I just read about those preset for printing in LR. I will try to make one... Thanks for the advice.. Smile

You have some points here Matthew.

I don't normally send my pictures to any lab. I did it few months a go just to try my pictures with the 5d in canvas and professional paper but they were just two. Now printing at home I have printed much more. Christmas cards, bday cards and some for my livingroom.

I think the printer you have is one of the many G saw and thought about buying. We read very good reviews on many printers, but I also thought it would be more expensive. That is why I didn't support the idea. I will make a research to see how expensive is a print at home and one in the lab. Still I like very much the idea of watching the result immediately and have the chance of some test prints, the lab won't do.

It is really nice to know that your printer makes good bw pictures. At home, I am the only one that makes bw pictures, and well, I would like to have them well printed.

Quote:Digital imaging is a mathematical abstraction -- it takes a print to make it into a photograph.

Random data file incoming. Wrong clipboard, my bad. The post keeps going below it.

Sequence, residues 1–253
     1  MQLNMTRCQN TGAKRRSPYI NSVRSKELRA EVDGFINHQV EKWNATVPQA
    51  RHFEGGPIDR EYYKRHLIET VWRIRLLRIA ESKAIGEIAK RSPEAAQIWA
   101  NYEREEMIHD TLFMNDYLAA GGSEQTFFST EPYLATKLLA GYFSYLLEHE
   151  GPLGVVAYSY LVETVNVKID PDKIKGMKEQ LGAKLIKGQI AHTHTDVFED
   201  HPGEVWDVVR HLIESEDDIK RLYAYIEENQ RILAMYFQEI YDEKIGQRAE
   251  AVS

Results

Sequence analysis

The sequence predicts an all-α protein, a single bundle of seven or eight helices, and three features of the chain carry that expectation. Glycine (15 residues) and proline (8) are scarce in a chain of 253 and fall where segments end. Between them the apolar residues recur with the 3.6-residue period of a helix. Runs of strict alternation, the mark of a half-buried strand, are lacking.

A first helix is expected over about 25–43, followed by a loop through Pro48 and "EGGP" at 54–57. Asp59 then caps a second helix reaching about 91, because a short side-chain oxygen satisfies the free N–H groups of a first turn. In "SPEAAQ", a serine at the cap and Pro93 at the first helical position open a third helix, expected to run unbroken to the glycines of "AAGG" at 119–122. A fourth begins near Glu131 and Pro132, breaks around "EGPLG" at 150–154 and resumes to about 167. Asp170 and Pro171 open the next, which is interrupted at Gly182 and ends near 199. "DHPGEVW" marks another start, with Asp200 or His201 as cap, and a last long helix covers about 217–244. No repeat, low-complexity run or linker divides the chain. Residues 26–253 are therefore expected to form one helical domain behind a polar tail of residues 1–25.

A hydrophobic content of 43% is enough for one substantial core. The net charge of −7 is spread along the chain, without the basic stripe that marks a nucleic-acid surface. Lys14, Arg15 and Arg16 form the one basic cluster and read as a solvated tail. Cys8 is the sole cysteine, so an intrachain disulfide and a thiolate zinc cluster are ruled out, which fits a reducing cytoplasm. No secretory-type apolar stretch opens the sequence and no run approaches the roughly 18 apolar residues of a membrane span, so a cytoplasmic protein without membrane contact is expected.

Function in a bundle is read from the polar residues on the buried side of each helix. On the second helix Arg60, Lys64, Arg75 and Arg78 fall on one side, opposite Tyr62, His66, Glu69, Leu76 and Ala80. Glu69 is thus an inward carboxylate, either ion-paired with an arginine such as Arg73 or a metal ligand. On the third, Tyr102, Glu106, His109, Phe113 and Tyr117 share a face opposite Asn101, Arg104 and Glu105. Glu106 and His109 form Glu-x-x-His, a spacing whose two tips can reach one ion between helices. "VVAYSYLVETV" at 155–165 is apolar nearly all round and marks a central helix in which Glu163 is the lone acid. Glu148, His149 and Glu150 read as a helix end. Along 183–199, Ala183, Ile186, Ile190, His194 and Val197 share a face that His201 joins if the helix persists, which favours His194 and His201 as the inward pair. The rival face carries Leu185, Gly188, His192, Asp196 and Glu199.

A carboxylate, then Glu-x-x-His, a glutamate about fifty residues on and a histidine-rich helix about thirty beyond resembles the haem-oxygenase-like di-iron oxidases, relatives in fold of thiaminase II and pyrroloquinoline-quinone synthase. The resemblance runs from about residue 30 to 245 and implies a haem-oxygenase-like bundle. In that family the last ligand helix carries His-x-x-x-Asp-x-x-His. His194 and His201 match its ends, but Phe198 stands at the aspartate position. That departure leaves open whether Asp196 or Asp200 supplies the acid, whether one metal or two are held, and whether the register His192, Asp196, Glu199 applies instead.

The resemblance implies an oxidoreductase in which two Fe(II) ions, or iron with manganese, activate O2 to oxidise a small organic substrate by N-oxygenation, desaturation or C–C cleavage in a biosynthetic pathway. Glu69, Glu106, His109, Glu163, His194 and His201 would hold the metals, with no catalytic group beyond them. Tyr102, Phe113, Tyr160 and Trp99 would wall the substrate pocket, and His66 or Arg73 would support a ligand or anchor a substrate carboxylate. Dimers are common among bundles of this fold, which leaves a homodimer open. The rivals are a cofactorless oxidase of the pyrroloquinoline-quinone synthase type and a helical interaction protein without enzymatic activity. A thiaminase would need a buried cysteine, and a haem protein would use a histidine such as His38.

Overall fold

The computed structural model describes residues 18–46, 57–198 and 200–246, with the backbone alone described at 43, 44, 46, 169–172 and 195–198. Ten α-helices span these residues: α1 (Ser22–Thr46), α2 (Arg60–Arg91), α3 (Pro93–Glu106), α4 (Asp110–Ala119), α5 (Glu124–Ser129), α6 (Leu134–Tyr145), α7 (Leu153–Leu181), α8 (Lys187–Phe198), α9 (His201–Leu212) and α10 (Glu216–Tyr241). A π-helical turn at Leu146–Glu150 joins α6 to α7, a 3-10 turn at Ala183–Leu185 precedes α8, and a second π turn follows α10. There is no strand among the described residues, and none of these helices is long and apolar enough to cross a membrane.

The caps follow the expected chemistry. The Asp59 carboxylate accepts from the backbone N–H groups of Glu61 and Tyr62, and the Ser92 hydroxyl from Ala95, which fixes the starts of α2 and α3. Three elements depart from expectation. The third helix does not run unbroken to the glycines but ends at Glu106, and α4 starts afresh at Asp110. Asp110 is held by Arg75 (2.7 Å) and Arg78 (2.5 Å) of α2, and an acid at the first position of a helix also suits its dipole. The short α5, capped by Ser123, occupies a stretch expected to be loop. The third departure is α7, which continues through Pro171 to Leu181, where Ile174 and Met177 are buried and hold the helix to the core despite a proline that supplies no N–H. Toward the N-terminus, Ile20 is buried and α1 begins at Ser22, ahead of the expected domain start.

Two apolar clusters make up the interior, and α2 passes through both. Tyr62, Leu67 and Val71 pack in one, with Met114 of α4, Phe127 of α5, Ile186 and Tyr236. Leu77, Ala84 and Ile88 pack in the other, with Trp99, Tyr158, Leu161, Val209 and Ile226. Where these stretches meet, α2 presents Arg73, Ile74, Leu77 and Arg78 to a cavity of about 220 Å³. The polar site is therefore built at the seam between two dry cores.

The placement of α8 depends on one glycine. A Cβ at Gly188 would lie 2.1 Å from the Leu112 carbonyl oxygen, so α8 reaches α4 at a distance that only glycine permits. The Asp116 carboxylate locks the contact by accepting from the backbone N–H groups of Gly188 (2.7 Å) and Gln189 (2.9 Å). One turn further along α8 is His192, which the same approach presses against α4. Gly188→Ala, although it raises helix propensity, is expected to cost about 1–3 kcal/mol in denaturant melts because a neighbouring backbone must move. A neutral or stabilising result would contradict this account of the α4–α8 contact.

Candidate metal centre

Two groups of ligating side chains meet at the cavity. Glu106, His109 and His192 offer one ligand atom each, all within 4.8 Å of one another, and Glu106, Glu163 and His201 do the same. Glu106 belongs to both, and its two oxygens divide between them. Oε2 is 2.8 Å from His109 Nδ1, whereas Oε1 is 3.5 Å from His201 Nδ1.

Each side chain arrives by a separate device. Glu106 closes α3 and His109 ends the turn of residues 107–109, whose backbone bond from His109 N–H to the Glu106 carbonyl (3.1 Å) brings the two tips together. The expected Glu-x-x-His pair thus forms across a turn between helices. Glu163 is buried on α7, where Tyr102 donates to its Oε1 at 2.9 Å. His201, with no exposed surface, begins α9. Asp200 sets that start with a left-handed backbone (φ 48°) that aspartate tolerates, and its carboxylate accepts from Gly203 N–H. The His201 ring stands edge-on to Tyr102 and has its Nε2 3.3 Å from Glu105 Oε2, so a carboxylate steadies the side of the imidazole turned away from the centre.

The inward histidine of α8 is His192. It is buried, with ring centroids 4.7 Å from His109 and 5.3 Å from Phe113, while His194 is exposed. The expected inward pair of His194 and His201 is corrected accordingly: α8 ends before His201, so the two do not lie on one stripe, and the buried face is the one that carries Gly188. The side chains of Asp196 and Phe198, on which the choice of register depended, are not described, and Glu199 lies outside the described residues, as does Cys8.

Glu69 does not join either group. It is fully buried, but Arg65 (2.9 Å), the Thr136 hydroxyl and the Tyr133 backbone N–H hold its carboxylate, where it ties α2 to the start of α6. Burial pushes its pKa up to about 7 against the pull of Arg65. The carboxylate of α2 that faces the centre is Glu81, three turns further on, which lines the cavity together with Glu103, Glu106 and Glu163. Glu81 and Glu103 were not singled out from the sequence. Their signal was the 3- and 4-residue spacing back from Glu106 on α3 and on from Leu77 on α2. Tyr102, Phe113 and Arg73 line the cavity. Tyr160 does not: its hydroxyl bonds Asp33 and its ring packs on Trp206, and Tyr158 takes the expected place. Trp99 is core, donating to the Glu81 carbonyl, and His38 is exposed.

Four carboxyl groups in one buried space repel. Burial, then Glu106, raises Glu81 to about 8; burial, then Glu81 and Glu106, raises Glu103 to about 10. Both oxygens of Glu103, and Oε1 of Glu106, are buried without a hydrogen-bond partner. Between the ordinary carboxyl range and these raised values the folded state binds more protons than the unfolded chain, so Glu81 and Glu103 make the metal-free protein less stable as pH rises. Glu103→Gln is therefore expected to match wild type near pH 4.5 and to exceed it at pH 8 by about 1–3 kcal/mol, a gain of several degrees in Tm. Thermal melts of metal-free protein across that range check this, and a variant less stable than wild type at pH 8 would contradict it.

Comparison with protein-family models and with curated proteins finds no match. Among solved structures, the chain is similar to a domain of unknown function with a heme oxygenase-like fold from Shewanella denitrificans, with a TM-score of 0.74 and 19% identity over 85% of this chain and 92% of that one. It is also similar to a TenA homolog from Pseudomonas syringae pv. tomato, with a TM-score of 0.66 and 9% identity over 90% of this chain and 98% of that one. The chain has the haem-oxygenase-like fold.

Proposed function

That is so true.

I read once that a photographer was telling that we should print our pictures and hang them in the wall, and not become a collector of images. Then I started thinking about printing and having my pictures in my home.

Thanks for your comment Matthew... Smile
A work of art which did not begin in emotion is not art.
Paul Cezanne

We solved the problem... Smile

We decided to try and make the printer work well, so we took two square picture with different colors one green with orange and the other one magenta with yellow. We printed as it was and it turned out green, then we thought about using some profiles G had for the printer, and we use it with vivid colors and it improved a lot but the orange was red! So we disable the vivid colors and it turned out superb!! The colors are almost as I can see them in the computer. I printed in canvas yesterday and the colors had a bit of magenta so I reduced it just -1 in the manual adjustment color.

I found a writing about canon paper, ink and printer and they explain how I have to work with my pictures in photoshop and what profile I have to use and so on... Anyway a lot to learn about this topic still, but I am happier now. I haven't tried a bw picture yet, maybe it is time to give another try now... Wink
A work of art which did not begin in emotion is not art.
Paul Cezanne
Im no expert, Irma--and I know you will soon master this by hook or crook--you always do. I know that printing is tricky if you are a perfectionist especially. Papers differ in their ink absorbtion--so have different color biases. I think contrast is usually a problem with printers unless they are very expensive. My monochrome prints are always a little purple--i learned to live with it.

Are you printing in color or monochrome? It wasn't clear from your note.